ProForm Pro 2000 Review: iFit studio classes and live workouts
As mentioned above, the best thing going for the ProForm Pro 2000 is the baked-in iFit integration, which makes any running routine far more dynamic (and flat-out fun). Your iFit subscription is the virtual gateway to dozens of world-class personal trainers, accessible right from your living room. Or garage.
iFit is fully loaded with fun fitness features, and here are a few of my favourites:
Livecast - Lets you join live studio classes right from the treadmill console. These classes change all the time, and each instructor brings their own personality to the mix – iFit has a terrific team of personal trainers, from everything I’ve seen so far.
A few minutes before the start of each class, a barcode appears on the screen for you to scan, allowing you to text your trainer just before the workout begins; they respond in real-time once things get moving. This is definitely a cool layer of interactivity, and I sure appreciated the extra motivation as I huffed away.
Leaderboards - This became an unexpectedly huge perk for me since it brought out some of my (mildly) competitive nature. Interacting with a miniature community for each class is pretty cool, and the more you take, the more usernames you start to recognize. Not for nothing, but these interactions take the edge off my COVID-cabin fever, at least temporarily.
Globetrek - Follow various trainers on location in exotic landscapes from around the globe; your treadmill
magically automatically adjusts your speed and incline for the trek. (For example, on March 22nd at 8 pm (EST), a team of badass mountaineers – and one presumably chilly cameraman, I presume – will be leading a sunrise hike on Mt. Everest. You better believe I’ll be there too, wearing flip-flops and absolutely nothing else. Because why the hell not.)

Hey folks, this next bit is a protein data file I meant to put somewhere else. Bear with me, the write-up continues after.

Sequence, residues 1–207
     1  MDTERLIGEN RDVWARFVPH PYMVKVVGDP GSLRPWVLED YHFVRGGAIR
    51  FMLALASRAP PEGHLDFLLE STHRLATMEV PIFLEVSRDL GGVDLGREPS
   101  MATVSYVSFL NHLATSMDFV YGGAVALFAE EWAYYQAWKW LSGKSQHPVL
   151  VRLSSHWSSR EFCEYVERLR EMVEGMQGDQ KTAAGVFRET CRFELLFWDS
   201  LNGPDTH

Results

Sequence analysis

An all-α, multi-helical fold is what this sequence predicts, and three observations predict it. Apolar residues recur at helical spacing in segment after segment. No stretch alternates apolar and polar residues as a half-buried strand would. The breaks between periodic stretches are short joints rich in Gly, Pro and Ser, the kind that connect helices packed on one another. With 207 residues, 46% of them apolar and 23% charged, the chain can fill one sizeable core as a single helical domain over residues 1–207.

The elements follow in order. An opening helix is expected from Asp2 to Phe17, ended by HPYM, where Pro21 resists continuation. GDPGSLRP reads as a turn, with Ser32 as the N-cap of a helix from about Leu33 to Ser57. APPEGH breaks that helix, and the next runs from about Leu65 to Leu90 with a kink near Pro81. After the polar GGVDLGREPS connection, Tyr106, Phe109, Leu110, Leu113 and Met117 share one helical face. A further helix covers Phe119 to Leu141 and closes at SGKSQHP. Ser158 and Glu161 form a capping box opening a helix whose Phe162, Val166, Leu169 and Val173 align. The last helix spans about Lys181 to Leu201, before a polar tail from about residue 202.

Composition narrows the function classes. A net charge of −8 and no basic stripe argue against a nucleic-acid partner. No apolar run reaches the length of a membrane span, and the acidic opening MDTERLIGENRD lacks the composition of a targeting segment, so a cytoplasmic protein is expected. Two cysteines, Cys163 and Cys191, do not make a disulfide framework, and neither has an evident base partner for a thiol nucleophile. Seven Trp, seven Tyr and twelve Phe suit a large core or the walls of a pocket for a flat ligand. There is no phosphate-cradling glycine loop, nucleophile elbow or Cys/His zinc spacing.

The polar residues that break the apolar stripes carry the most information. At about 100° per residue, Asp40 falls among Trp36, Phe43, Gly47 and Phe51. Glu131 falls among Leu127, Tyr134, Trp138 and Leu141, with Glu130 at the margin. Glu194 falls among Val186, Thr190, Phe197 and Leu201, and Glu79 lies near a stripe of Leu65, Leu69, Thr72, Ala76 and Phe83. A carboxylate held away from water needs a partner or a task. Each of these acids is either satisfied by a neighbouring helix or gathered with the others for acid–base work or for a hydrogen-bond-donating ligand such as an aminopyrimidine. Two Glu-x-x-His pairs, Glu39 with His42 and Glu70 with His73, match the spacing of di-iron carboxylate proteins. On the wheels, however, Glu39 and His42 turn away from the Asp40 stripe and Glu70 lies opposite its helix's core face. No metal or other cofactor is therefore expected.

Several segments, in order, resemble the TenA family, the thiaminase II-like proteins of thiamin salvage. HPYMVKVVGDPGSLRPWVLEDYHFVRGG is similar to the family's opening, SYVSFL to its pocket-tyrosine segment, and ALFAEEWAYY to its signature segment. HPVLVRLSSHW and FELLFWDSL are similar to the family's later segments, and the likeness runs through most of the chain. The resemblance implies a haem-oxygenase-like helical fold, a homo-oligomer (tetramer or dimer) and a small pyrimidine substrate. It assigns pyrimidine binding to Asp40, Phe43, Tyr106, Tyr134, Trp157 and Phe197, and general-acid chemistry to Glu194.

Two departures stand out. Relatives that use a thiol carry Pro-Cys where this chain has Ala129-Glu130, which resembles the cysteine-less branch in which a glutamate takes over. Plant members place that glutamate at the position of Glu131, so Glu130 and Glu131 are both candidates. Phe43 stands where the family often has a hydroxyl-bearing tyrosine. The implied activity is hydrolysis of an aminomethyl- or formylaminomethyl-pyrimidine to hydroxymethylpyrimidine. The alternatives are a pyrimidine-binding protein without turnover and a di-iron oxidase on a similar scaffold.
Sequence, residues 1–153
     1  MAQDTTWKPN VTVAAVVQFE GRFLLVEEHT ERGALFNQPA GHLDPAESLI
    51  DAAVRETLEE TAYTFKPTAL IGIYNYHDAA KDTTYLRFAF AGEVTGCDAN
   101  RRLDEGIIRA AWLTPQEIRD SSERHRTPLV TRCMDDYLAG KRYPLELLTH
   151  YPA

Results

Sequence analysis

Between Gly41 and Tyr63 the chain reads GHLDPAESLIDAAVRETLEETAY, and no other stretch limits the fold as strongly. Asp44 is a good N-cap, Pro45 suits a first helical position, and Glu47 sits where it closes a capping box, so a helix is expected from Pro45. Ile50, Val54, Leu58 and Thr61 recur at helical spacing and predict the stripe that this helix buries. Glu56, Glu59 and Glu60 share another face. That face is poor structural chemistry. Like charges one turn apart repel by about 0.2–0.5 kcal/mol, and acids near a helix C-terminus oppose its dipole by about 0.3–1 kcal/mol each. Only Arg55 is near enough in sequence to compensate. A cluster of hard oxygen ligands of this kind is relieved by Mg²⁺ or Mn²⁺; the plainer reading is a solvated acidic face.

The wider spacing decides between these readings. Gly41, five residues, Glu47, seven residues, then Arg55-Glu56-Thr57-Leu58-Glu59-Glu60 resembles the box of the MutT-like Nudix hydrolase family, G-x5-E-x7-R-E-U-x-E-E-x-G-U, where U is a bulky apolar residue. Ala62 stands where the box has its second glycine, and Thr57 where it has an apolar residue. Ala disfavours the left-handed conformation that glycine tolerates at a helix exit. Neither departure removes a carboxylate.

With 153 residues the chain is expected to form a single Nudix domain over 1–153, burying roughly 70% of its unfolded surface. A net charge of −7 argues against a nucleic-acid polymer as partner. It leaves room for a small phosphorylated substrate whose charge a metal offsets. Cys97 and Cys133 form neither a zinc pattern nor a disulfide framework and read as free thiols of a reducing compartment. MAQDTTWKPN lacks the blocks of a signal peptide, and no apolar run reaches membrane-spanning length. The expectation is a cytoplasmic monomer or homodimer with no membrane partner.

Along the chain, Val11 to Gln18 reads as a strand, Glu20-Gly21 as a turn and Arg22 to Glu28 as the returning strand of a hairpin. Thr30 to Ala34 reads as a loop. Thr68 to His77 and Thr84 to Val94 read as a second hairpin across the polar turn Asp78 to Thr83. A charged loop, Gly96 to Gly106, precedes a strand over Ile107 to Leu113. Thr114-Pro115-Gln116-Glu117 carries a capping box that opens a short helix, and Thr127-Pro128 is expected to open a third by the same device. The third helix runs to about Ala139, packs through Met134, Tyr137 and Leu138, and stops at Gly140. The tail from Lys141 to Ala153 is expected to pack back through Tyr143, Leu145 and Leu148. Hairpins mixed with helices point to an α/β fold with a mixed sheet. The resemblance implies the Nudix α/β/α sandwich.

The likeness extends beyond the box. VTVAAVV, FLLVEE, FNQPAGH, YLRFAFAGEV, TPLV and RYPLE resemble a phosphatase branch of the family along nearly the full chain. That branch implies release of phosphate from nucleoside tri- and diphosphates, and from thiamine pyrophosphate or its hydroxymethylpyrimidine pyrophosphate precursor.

Google Maps - You can access Street View (via Google Maps) and create custom running routes however you like. For example, you could map out a customized run along Miami Beach; Google’s Street View refreshes every few seconds as you run to update your location. This feature was pretty laggy in practice, but I dig the concept. (Hmm, maybe that webcam will facilitate real-time workout with other members, as iFit’s partnerships evolve.)
Much to my unexpected delight, I discovered during testing that an old friend of mine is currently an iFit trainer, leading three cardio classes nearly every day from iFit’s Utah studio. In no time at all, I was signed up for one of his HIIT classes, and getting a shoutout from Jesse from Utah – through my treadmill speakers – was pretty cool. Hot damn, living in the future is awesome.
ProForm Pro 2000 review: The verdict
If you’re on the prowl for a cloud-connected treadmill that won’t break the bank, look no further than the ProForm Pro 2000. For nearly $1K less than the excellent Peloton Tread, you get comparable features in a comparably attractive package. Granted, the treadmill itself is only half the investment, but even without all that useful iFit integration, the machine stands alone as a solid piece of gym equipment, sans software.
Once you add iFit to the mix, however, things really start to get interesting. Yes, you'll need a monthly subscription to access the Pro 2000’s best features. However, if you’re already spending £11/$15 to £36/$50 on a gym membership anyway, you could easily swap one expense for the other. The pricing seems more than reasonable for great cardio workouts in the privacy, safety, and comfort of your own home.
Bottom line? I love this treadmill.
ProForm Pro 2000 review: Also consider
Haven't got quite enough money to get the ProForm Pro 2000? Consider the Viavito LunaRun Fold Flat Treadmill (if you're in the UK). This is a fold-flat treadmill with a power incline and a slightly wider and longer deck than the standard small running machines. It’s great for runners with limited storage space and ideal for those who are not comfortable setting up a treadmill on their own.
Another Peloton Tread-alternative is the Echelon Stride. This is a great option for runners on the market for a straightforward, easy-to-use treadmill that won’t monopolise too much space. While the Echelon Stride is a more basic model, it has everything you need to get in a solid workout.